Marco would prove an astute signing; scoring many goals for Ajax, from 1983 to 1986 he was top scorer in the Dutch league scoring a total of 117 goals in 112 matches, this excellent scoring form culminated in van Basten winning the European Golden Boot. The good times would keep on coming for van Basten; in 1987 he scored the winning goal for Ajax in the European Cup Winner’s Cup final in Athens against Lokomotive Leipzig of East Germany. Not surprisingly with van Basten being one of the hottest properties in world football Europe’s biggest clubs became very interested in his services, not long after that Cup Winner’s Cup victory he signed for AC Milan and would go on to enjoy more European glory with the Italian club.
Leading the Dutch squad to West Germany was manager Rinus Michels, the coach noted as being the man who is credited with inventing “total football”. Born in Amsterdam in 1928 his playing career began straight after the Second World War with Ajax in 1946. He was a striker and a very good one at that, in his debut for Ajax he scored five goals during an 8 – 3 victory over ADO Den Haag. Amateur football was the order of the day in Holland in those days, professional football wouldn’t happen in The Netherlands until 1954. However Dutch football was full of excellent footballers, Michels was one of those players. Michels would go on to play 264 games for Ajax, scoring 122 goals. Sadly for him he had to prematurely bring his playing career to an end following a back injury in 1958. 1960 saw Michels go into management for the first time in his home city of Amsterdam with Jeugd Organisatie Sportclub Watergraafsmeer. He was there for four years, in ’64 he moved to Amsterdamsche Football Club Door Wilskracht Sterk.
After a brief spell there Michels was recruited by Ajax. After being installed as Ajax boss he led them to title after title in Dutch football. Michels brought four Eredivisie titles to Ajax as well as three KNVB Cups, a UEFA Intertoto Cup and ultimately the European cup. He would then go on to manage Barcelona, again bringing silverware to the Spanish club which included the Inter City Fairs Cup in 1971 after beating Leeds United in the final. He would also win a DFB Pokal Cup as manager of German club FC Cologne. His first stint as the manager of the Dutch national side was in 1974 when he took them to the world cup, then held in West Germany. The Netherlands finished as runners up to the host nation, after that Michels would go onto manage Ajax once again. He would also go onto have spells with Barcelona once again. In 1979 he went to America to manage LA Aztecs in the North American Soccer League. He then went to Germany to manage the Billy Goats of German football, FC Cologne, and as already mentioned won the DFB Pokal Cup (the German FA Cup). He then went back to manage The Netherlands in 1984.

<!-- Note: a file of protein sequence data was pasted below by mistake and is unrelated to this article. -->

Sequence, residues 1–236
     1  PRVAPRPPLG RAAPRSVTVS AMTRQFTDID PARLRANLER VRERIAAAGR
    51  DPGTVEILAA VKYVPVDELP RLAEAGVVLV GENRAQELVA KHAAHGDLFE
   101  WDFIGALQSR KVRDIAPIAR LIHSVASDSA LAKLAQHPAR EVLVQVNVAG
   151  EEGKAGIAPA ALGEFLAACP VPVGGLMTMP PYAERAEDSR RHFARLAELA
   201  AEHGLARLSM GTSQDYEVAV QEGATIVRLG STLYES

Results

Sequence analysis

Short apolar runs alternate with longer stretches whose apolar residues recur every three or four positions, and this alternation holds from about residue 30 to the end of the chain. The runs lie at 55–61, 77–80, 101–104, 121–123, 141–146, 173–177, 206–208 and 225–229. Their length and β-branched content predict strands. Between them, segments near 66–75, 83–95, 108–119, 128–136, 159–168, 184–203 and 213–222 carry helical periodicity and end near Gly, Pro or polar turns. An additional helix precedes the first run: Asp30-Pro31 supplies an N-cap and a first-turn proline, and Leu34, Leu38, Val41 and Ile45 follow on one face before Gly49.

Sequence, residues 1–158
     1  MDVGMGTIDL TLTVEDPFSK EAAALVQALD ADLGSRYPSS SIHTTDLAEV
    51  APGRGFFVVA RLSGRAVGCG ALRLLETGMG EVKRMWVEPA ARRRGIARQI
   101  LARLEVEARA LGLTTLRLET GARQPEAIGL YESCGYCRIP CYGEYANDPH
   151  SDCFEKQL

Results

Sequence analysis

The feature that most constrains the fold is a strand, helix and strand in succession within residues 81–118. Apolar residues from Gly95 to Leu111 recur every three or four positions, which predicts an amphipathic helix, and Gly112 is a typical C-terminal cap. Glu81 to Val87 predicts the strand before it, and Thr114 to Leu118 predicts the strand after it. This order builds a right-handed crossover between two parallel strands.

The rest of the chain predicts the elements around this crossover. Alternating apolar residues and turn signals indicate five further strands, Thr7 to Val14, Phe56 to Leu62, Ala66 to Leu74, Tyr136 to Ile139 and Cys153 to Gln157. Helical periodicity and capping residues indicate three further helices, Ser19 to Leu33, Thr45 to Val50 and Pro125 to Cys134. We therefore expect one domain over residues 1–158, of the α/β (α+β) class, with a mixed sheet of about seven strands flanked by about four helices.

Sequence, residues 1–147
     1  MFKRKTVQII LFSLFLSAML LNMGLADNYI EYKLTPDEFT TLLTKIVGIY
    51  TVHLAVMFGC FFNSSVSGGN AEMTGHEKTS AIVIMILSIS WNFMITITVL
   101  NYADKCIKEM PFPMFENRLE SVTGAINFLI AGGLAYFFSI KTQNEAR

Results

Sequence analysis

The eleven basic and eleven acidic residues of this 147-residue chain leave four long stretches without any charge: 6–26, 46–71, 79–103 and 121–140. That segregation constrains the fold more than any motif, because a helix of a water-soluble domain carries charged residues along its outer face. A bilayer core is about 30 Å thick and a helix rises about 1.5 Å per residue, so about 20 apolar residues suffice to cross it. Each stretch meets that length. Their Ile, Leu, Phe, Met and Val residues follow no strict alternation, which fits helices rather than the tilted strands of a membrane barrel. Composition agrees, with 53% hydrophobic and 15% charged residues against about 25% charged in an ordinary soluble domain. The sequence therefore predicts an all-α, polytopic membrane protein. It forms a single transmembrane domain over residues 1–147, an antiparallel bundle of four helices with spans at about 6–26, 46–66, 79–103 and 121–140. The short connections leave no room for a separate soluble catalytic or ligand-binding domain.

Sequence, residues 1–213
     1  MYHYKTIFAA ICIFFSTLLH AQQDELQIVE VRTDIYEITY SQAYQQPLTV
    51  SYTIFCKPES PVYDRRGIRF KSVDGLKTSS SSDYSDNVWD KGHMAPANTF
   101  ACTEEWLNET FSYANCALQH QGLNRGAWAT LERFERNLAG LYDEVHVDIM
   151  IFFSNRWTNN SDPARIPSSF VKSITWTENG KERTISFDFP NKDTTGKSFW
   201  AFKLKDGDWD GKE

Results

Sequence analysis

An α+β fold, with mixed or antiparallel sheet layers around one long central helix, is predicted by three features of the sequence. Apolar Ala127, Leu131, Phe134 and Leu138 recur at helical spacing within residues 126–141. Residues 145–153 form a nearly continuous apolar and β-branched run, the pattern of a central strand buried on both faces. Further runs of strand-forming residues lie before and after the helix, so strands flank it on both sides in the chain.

So, 1988 and the European Championship. Despite making two world cup finals in 1974 and in 1978, the Dutch had yet to win any silverware at international level. Assisting Michels as his number two was Nol de Ruiter, himself an experienced coach and like van Basten, a native of Utrecht. The Dutch were drawn into Group B along with England, the Soviet Union and the Republic of Ireland. The Netherlands played their first game against the Soviet Union at the Müngersdorfer stadium (now known as the RheinEnergie Stadion), Michels would have felt at home there but it was the Soviets who finished the game with the smiles as they won the game by a goal to nil. The Soviet goal scored by the Dinamo Kiev midfielder Vasiliy Rats not long after the start of the second half, a well struck effort into the left corner of the Dutch net. A disappointing opening game for the Dutch, especially seeing as they had hit the post, a well headed ball by van Basten with only minutes left of the game, unlucky not to go in.
Three days later the Dutch had travelled the forty four miles to Düsseldorf to face Bobby Robson’s England. The match was played at the home of Fortuna Düsseldorf, the Rheinstadion. Marco van Basten was the star of the show. The first goal came about after a comedy of errors from England in possession of the ball. Gary Stevens had the ball taken from him by Ruud Gullit, after that van Basten went passed Tony Adams as though Adams wasn’t there, van Basten was challenged by Stevens keen to get the ball back, under the momentum of the challenge the ball sped past Peter Shilton, not a great moment for Shilton and England during Shilton’s 100th international as England goalie. It wasn’t all bad for Robson’s mean, there were a few England players up for it, particularly Bryan Robson. The England team captain was more than taking the fight to the Dutch in midfield. Indeed it was Robson who leveled the game shortly after the start of the second half. Unfortunately for England this was the Orangemen’s game. Robson would suffer a shoulder injury and wasn’t able to continue. A further two goals by van Basten within the space of five minutes towards the end of the match meant van Basten had scored another hat trick and also those three goals by van Basten was the first hat trick scored against England since 1959.